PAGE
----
A Shropshire Lad is written in the voice of the rural yeoman Terence Hearsay, and in fact was originally submitted for publication under the title "Poems by Terence Hearsay." When the Macmillan Company rejected the manuscript in 1896, Housman changed the title and submitted it to the publishers Kegan Paul, paying for publication out of his own pocket. It took several years and a second publisher before the poems in the collection began to capture popular interest, but by the turn of the twentieth century, the book of verses had become a favorite with the public (if not the critics) and was influencing the thought of an entire generation of young readers. As George Orwell noted in Inside the Whale and Other Essays, Housman's influence was intensely strong with young readers between 1910 and 1925, though with the benefit of hindsight, Orwell was hard put to understand why. Some of the elements that appealed, though, included an upper-class manner of looking at the countryside, as well as a "bitter, defiant paganism, a conviction that life is short and the gods are against you, which exactly fitted the prevailing mood of the young." Poems in the collection such as the famous "To an Athlete Dying Young," are songs of praise for burning the candle brightly and for dying before one's achievements become tarnished with age. "When I Was One-and-Twenty" also looks at youthful dreams, while other poems praise the sacrifice of soldiers who die in defense of their country, and still others speak of unfulfilled love (such as "Shake Hands We Shall Never Be Friends, All's Over"), of suicide, or look at those who are outsiders to society. Even nature, for Housman, offers no way out of a godless universe. As Cleanth Brooks noted in A. E. Housman: A Collection of Critical Essays, the poet's "view of nature looks forward to our time rather than back to that of Wordsworth. If nature is lovely and offers man delight, she does not offer him solace or sustain him as Wordsworth was solaced and sustained. For between Wordsworth and Housman there interpose themselves Darwin and Huxley and Tindallm—the whole achievement of Victorian science."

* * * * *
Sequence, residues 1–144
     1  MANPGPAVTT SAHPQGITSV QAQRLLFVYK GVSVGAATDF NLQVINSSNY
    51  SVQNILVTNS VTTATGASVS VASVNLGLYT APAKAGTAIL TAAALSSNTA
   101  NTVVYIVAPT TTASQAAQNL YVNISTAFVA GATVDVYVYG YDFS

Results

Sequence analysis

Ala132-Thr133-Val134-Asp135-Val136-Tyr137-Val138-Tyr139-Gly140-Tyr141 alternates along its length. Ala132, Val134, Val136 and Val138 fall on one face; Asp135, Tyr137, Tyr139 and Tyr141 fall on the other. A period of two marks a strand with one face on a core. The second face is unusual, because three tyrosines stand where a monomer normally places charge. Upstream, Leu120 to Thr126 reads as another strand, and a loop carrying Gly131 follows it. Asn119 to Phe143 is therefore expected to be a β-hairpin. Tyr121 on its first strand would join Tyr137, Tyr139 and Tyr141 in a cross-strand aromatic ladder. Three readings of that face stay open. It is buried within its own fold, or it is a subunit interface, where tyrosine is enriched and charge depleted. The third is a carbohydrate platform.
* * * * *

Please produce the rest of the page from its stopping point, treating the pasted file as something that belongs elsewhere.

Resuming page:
Written mostly in ballad form with rhyming alternate lines, and mainly short with straightforward language, the poems in A Shropshire Lad speak directly to the reader, and for this reason, in part, became popular with the public but received a good deal of critical approbation. One such scathing bit of criticism came from Cyril Connolly, writing in the New Statesman in 1936 (and reproduced in A. E. Housman: A Collection of Critical Essays), who felt that Housman's verses "are of a triteness of technique equaled only by the banality of thought." Such criticism has not ceased, but it is balanced by those critics who find in Housman's spare simplicity real rewards. Holzberger, for example, noted that "Housman's poetry is unique for his time." For this critic, one of the finest characteristics of the poet's style "is its great economy: not a word too many."Holzberger also commended Housman's turn of phrase: "The reader of Housman's poems is repeatedly inspired to admiration by the terse, memorable, and extremely well-put epigrams, pungent one-,